As IRT enters the Spring season, we are continuing to advise scholars as they manage their graduate school acceptances and financial packages. We are encouraging them to savor the joy and acknowledge their efforts in this milestone. We are so very proud of them. As we well know, keeping up with coursework, working multiple jobs, participating in campus activities and applying to graduate schools is a fine balancing act.
We are also in the midst of reviewing applications for our next IRT scholar cohort who will begin their programming year with a 4 week virtual Summer Institute beginning in late June. By remaining virtual, all accepted scholars will have access to IRT faculty, College and University Consortium partners and all programming content. As with other organizations and institutions in service of diversifying the teaching profession, pivoting to increase opportunity and center equity remains the core of IRT’s work.
The beginning of a new year and the midpoint of the academic year is often a time for introspection. As I begin this post three words come immediately to mind – reflect, reimagine and reinvigorate.
Reflect As I reflect on my time at IRT thus far, I feel fortunate to have the vantage point of experiencing IRT in several different realms from being a higher education partner as part of the Consortium of College and Universities, selected as Consortium chair and now hired as an IRT administrator. As a higher education partner I was deeply appreciative of how prepared the IRT scholars were for critically engaging with their academic discipline, navigating the nuances of graduate school life and exuding the confidence to fully be themselves even in the face of challenge. As Consortium chair, I was excited to work alongside the IRT leadership and higher education partners to create a collaborative environment. Though competition was a function delegated to our roles, it did not solely define our relationships. Several of us acknowledged that we could only accept a finite number of scholars into our programs, so why not learn more about what each other had to offer with regard to programs and support. In this way, we kept the focus on the scholars and how best to advise them about their aspirations. Now having the purview of being part of the IRT team, I see first hand the dedication, time and energy that goes in on the back end to adapt to the changing educational landscape and align support for our BIPOC scholars that elevates equity, expands knowledge and emphasizes wellness all while preparing them to apply to graduate programs.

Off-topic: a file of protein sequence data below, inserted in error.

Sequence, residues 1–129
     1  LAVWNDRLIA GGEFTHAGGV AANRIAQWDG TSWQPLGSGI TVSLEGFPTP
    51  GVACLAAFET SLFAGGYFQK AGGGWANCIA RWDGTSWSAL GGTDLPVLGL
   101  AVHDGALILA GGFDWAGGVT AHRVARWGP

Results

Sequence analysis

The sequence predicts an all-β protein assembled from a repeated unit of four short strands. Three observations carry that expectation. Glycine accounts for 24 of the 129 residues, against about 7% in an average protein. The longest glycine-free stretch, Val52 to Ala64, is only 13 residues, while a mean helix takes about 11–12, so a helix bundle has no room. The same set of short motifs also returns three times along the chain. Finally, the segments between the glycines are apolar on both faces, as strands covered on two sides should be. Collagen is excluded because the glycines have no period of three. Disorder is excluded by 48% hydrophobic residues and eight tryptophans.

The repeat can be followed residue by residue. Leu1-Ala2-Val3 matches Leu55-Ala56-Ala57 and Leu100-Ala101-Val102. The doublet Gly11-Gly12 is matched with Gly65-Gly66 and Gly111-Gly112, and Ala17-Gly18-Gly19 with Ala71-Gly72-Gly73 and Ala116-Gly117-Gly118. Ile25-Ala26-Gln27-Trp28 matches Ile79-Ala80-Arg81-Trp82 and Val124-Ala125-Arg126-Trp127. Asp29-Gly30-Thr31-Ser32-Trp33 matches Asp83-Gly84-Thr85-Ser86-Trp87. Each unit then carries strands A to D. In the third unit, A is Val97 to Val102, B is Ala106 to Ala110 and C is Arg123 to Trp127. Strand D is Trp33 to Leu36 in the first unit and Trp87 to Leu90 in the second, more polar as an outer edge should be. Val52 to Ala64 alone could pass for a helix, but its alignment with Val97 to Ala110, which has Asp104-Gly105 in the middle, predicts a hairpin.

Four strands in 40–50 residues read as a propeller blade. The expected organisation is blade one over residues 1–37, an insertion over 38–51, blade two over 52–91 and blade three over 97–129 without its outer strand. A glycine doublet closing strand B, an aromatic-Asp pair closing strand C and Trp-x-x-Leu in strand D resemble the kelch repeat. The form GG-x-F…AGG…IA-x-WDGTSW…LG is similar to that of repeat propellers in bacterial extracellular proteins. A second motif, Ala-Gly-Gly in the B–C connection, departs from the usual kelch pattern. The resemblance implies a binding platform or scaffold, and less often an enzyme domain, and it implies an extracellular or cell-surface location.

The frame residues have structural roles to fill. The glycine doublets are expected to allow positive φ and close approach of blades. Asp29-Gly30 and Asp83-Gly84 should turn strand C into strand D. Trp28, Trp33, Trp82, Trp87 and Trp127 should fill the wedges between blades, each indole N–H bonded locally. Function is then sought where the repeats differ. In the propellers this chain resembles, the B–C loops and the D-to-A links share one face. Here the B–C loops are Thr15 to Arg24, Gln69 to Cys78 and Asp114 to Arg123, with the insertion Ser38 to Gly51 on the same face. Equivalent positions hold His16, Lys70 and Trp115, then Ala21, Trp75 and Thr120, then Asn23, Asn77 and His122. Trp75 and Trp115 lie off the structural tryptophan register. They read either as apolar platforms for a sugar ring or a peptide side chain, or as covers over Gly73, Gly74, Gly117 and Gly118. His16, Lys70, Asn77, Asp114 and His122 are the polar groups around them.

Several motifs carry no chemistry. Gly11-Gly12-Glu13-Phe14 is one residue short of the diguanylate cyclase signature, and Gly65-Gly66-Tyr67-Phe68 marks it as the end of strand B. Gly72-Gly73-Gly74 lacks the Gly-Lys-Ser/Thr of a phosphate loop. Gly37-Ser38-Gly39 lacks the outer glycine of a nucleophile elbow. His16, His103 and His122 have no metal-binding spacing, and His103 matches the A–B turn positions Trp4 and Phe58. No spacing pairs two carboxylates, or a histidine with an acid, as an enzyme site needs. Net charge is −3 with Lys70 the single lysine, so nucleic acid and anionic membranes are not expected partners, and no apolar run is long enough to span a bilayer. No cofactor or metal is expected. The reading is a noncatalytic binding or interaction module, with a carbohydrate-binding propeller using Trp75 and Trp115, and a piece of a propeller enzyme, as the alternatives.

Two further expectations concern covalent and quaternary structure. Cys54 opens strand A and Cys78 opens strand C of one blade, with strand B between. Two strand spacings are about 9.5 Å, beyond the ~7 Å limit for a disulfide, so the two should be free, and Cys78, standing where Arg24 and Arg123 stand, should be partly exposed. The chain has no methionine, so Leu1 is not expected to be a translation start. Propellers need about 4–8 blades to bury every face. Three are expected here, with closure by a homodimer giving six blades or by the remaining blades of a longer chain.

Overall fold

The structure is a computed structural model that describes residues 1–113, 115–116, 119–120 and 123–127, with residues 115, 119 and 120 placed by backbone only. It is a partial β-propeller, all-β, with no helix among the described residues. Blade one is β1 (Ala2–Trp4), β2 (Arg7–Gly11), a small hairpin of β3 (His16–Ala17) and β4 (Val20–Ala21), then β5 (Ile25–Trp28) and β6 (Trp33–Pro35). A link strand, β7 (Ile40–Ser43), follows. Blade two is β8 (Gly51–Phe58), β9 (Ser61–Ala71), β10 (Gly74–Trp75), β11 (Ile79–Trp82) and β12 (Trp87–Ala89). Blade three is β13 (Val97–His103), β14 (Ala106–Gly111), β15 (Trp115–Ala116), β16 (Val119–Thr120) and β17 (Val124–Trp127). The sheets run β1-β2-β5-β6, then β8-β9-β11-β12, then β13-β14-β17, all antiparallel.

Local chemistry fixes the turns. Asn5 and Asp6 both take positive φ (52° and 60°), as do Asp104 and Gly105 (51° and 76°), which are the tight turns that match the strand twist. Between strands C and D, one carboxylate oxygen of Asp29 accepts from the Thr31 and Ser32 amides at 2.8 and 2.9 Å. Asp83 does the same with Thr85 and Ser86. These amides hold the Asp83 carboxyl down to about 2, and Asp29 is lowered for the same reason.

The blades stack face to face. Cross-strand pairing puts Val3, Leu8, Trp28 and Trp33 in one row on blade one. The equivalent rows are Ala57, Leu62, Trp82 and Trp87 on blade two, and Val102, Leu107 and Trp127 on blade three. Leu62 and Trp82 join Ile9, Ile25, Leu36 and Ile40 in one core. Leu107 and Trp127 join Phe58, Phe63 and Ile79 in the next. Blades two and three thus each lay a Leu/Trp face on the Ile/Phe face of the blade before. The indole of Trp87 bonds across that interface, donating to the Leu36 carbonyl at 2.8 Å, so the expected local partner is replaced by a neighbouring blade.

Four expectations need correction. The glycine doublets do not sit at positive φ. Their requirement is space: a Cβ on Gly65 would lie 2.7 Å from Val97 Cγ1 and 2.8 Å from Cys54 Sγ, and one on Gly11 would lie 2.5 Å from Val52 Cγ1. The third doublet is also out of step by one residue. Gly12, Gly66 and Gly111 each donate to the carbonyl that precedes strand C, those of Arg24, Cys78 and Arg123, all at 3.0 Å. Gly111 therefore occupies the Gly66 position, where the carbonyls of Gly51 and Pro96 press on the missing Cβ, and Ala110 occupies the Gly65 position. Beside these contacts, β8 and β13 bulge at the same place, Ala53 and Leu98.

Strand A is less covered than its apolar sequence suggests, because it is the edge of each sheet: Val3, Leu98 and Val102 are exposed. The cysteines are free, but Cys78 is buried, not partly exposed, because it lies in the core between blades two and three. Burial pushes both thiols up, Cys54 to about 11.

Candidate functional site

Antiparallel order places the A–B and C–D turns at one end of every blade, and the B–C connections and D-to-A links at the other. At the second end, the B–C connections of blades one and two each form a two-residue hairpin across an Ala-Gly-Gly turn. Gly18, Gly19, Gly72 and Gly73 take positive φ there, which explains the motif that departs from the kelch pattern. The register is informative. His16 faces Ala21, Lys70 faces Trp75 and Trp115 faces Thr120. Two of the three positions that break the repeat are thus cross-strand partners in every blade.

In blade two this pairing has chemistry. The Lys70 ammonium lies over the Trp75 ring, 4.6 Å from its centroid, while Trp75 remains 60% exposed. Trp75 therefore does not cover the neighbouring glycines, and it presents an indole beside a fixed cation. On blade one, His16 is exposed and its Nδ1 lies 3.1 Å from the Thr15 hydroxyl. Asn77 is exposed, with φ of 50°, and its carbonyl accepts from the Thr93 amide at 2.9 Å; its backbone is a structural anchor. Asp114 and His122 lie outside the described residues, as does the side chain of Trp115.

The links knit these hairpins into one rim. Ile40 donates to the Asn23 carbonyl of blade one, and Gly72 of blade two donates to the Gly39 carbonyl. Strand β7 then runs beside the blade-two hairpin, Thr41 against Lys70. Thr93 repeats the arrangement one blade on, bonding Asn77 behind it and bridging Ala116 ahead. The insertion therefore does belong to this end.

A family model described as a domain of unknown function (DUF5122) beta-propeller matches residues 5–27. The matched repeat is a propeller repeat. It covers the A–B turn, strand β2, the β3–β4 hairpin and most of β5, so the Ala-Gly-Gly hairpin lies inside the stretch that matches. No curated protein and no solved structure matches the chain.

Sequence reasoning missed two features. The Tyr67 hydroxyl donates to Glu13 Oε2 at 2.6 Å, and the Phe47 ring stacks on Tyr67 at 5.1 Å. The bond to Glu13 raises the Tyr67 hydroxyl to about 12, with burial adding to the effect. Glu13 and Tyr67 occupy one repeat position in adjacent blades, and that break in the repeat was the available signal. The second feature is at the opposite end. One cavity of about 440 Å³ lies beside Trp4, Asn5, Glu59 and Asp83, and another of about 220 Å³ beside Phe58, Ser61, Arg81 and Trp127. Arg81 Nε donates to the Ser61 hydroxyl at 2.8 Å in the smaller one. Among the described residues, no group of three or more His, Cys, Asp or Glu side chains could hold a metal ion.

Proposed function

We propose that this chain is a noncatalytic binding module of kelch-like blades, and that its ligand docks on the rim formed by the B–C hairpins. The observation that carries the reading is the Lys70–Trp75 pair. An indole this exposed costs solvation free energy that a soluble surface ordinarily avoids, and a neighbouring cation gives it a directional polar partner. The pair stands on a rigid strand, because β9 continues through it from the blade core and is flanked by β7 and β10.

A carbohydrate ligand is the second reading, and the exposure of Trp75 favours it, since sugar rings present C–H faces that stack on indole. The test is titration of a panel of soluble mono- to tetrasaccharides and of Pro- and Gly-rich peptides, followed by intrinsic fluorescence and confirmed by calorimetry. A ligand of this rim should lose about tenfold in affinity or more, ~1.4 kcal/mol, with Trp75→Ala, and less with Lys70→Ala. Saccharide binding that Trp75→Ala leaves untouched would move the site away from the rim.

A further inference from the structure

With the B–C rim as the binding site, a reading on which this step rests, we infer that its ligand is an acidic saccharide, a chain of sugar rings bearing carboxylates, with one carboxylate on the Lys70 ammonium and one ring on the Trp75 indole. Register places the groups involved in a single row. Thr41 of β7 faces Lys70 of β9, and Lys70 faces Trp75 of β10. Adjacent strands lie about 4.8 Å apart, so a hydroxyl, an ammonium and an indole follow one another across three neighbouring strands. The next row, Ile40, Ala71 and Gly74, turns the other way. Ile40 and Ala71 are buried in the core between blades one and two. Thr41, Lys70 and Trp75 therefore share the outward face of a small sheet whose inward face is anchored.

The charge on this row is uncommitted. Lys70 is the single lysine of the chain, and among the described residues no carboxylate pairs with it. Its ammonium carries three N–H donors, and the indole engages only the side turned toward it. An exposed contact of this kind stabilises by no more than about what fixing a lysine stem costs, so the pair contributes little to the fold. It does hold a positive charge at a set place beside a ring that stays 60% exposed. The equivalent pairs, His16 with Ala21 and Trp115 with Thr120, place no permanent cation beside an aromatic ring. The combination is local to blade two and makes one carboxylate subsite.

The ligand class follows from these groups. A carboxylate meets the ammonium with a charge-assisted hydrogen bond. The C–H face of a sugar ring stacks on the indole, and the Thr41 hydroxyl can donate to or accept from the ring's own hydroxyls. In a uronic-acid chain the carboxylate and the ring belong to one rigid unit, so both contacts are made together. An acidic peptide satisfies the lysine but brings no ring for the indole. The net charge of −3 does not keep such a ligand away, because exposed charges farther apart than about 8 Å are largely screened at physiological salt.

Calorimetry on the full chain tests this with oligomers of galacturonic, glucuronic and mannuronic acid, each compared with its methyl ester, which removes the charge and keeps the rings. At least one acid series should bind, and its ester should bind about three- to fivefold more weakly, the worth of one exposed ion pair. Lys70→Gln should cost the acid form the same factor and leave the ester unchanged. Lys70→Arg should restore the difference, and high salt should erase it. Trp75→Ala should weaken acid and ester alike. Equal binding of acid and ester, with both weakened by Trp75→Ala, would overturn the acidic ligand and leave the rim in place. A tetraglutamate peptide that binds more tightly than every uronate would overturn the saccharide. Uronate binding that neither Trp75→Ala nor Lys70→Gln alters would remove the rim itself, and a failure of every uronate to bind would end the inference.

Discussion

Reimagine From these multiple perspectives with IRT the following questions come to mind for me. Given all that has happened in these past three years, what has changed or remained the same for you? How many of you have changed jobs and/or institutions? Has your ‘why’ for doing this work shifted? How do we chart a pathway forward for change in the midst of injustice and resistance? I feel a deep dive into these questions will allow IRT stakeholders to set a course for reimagination. Reimagining a future whereby students in our classrooms are taught by highly qualified teachers as the norm not the exception, who reflect their lived experiences and who believe in young people’s brilliance from the onset, whereby being ‘smart’ is defined beyond being book smart but also by one’s cultural and community wealth (Yosso, 2005) and whereby liberatory design (Anaissie et al, 2021) guides instruction and curriculum development.
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